Monthly Archives: December 2016

Dance your way through a Queens in night out

Just a subway ride away from Manhattan, this energetic borough offers an array of drinking, dining and entertainment options – and won’t be as hard on your wallet. Mix and match the recommendations below to create your own perfect Queens night out.

 

Happy hour

If you like to get started early, the pubs, cocktail bars, beer halls and lounges in Queens are ready with enticing after-work specials. Bohemian Hall and Beer Garden in Astoria has a giant patio area that makes it the perfect place to meet in the spring and summer, but the half-priced beer at happy hour makes it worth hitting up year-round. The interior and patio both have a classic beer hall aesthetic, with Czech, Slovak and American flags hung proudly from the fortress-like walls. Inside, you can catch sports and enjoy some classic Slavic cuisine with your drink.

Looking for a less conventional happy hour? Visit The COOP in Flushing. This Korean fusion spot has a great beer, sake and wine selection, but specializes in custom-made cocktails such as a lychee cosmopolitan. At happy hour you’ll find great deals on oysters and small-plate fare: kimchi egg rolls, fried chicken gizzards and their famous hot wings, which add a uniquely Korean flavor to the bar food classic. The ambiance at The COOP is tastefully modern, with dim lighting and flashes of neon – perfect to get you in the mood for a long night out.

 

Fueling up

When it’s time for some sustenance, you’ll be glad to be in Queens. The Astoria neighborhood has some of the best Greek food this side of Athens, and few restaurants are quite as revered as Taverna Kyclades. Its popularity means that there is usually a long wait for a table. Even in the winter you’ll find a crowd outside the restaurant, but the wait is part of the fun. The staff passes out glasses of wine, and the array of patrons make for pleasant company. Once you get in, it’s no surprise what draws so many people. Kyclades means ‘islands’ in Greek, and their food reflects that relaxed, unfussy island lifestyle. Whole, simply seasoned baked fish, grilled octopus, fried eggplant with garlic sauce – everything is done to perfection. Of course, you’ll want to make sure to add a bottle or two of Greek wine.

On the other side of Queens is Asian Jewels. During the day, this behemoth of a restaurant is known for its dim sum service, and at night they offer a full menu of Cantonese delights. The restaurant’s spacious, open interior is filled with large tables that either seat extended families, or mix-and-match smaller parties. The vast and varied menu features dishes familiar to most, like fried rice and sweet-and-sour pork, as well as traditional Cantonese dishes, such as beef with bamboo shoots and sliced cold jellyfish.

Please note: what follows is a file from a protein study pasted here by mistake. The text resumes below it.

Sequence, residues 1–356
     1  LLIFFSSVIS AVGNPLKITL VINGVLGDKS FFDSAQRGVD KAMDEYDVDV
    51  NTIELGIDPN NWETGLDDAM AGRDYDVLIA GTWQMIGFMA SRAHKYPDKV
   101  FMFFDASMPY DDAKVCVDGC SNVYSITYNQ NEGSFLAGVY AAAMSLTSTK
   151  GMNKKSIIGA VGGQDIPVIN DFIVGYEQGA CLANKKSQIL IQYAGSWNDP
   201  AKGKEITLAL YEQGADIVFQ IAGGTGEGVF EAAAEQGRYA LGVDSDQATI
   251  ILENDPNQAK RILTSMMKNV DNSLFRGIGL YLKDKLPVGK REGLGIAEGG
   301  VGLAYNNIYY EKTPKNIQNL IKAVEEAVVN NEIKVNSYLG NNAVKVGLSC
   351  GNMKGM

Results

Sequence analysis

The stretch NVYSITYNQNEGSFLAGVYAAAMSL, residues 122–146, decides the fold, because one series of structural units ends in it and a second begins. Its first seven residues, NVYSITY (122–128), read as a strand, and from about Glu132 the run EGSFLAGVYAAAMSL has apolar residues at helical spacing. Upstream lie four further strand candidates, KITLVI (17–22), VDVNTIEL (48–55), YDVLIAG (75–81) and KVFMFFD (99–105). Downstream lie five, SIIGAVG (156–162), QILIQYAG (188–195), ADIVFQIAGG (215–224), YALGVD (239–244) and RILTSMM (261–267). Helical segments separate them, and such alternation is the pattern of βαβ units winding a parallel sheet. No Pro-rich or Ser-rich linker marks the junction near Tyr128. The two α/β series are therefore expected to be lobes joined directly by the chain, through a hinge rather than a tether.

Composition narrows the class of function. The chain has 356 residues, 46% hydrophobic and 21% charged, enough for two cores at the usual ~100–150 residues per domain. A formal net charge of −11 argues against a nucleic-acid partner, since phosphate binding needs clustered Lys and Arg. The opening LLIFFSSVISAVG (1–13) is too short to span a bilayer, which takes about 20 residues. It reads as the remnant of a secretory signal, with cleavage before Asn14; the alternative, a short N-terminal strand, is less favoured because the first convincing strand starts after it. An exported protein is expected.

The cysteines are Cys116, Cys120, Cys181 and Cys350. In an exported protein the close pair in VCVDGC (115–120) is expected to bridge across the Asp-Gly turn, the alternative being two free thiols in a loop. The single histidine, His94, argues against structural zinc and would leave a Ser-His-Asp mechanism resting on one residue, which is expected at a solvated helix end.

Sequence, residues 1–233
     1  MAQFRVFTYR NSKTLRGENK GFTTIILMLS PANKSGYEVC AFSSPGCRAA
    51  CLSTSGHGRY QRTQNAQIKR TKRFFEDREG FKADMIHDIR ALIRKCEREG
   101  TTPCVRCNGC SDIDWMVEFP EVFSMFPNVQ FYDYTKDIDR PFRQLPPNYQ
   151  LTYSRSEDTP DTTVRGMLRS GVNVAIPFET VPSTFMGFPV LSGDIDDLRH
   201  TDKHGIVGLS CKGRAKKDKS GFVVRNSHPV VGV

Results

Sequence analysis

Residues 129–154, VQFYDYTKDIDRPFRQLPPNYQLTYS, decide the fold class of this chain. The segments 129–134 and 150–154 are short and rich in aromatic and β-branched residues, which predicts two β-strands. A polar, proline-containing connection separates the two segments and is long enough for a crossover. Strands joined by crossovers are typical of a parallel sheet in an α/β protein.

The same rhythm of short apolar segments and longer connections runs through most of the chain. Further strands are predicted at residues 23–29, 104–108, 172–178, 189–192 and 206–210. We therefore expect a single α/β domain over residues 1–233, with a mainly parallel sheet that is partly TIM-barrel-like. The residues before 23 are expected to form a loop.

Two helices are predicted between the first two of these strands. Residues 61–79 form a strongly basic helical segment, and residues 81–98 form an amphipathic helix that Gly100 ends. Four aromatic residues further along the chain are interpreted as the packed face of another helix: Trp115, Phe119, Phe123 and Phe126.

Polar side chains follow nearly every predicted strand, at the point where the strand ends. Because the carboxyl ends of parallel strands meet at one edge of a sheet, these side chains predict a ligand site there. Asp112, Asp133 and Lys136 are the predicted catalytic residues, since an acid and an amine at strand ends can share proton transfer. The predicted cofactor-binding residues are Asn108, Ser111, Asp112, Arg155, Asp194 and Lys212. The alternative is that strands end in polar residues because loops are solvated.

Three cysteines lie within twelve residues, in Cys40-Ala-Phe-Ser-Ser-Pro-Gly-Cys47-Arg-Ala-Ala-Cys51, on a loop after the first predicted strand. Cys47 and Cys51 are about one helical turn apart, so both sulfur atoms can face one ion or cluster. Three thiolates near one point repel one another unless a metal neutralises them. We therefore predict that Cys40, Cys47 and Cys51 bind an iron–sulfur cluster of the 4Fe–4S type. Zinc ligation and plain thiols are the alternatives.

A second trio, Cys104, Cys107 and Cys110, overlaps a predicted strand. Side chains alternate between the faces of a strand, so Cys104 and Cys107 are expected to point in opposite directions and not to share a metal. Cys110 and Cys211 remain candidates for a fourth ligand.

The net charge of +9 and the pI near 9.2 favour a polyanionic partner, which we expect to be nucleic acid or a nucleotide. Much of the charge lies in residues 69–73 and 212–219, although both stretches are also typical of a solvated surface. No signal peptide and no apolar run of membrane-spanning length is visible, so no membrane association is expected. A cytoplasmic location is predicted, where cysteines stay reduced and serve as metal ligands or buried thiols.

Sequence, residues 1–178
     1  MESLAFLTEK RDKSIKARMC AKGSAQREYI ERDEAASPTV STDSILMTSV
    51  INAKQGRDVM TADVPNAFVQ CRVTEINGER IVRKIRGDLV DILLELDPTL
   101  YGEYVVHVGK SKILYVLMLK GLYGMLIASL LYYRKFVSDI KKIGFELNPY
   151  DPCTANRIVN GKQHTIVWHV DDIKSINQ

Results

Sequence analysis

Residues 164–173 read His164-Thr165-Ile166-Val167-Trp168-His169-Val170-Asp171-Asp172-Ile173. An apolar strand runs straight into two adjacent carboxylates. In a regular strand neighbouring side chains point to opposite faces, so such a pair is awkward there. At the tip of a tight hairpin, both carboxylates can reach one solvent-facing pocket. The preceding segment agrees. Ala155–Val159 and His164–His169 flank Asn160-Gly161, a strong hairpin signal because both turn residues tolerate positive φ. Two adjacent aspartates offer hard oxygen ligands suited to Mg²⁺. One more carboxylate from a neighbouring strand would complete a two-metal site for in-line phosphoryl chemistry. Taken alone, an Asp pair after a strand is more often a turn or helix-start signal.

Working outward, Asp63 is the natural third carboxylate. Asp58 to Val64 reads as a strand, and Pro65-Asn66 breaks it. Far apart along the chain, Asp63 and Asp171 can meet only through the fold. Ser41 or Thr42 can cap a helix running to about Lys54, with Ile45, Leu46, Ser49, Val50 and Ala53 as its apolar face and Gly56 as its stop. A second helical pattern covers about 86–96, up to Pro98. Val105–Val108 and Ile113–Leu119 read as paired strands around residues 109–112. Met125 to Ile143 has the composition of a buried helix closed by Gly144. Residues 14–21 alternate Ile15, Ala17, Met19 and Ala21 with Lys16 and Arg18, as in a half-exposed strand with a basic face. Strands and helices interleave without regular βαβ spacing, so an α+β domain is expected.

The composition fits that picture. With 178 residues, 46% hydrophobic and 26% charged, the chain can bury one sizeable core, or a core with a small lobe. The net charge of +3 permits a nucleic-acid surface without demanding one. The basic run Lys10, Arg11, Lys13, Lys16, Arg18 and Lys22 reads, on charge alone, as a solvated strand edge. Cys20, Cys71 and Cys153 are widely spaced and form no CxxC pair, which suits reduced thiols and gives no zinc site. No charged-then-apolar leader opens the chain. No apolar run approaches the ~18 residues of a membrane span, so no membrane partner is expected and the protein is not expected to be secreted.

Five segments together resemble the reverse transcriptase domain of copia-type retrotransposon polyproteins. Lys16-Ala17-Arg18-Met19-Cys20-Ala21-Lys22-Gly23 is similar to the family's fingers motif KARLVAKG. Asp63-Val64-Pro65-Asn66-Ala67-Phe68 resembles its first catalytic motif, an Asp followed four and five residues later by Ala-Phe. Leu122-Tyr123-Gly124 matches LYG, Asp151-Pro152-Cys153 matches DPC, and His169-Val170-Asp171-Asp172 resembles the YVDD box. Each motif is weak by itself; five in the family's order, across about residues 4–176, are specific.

Decades before that it formed part of the Soviet Union

As I step out of Kyiv’s Khreshchatyk metro station, the Ukrainian capital’s tumultuous postwar history is laid out before me – in concrete and steel. The busiest, grandest boulevard of downtown Kyiv, Khreshchatyk street is lined by buildings of communist-era vintage. Some are highly decorated, others bear plain facades; but all are lofty, intimidating structures.

There are hints, however, of post-Soviet adjustments. Down the street I spot a large star surmounting an imposing apartment building. When Ukraine was part of the USSR, it must have been painted revolutionary red; now it’s a striking blue over yellow, the colours of the Ukrainian flag. And the metro station houses a branch of an American fast-food chain, sandwiched between Stalinist facades.

It’s outside this eatery I meet Anna, the guide who’ll be taking me on a walking tour of communist Kyiv. As I grew up in Australia during the Cold War years, I’m keen to learn what those times were like in the former USSR. Anna says I’ve come to the right place: after Moscow and Leningrad (now St Petersburg), Kyiv was the third most important Soviet city. That’s one reason nuclear power plants were situated in the region, with catastrophic results in 1986 at nearby Chornobyl(commemorated in Kyiv at the sombre but interesting Chornobyl Museum).

The modern-day appearance of Khreshchatyk, however, was a consequence of the arrival of the German military. When Nazi Germany invaded the Soviet Union in 1941, the retreating Red Army had time to booby-trap and detonate its grand 19th-century buildings. With the additional destruction caused by aerial bombing of industrial areas, Kyiv was a mess by the end of WWII. Its makeover after the conflict was extreme.

‘We lost the opportunity to live in a fun city, because the architecture was gone,’ says Anna. The authorities saw the devastation as an opportunity to create a new Soviet-style city, rather than to re-create its old look. To my eye, it doesn’t seem that bad: on one side of the metro station, for example, an apartment building contains a surprising amount of detail in its tiles and pillars. On the other side, a slightly later building has a flatter, plainer facade. Even Soviet architects went through decorative phases, it seems.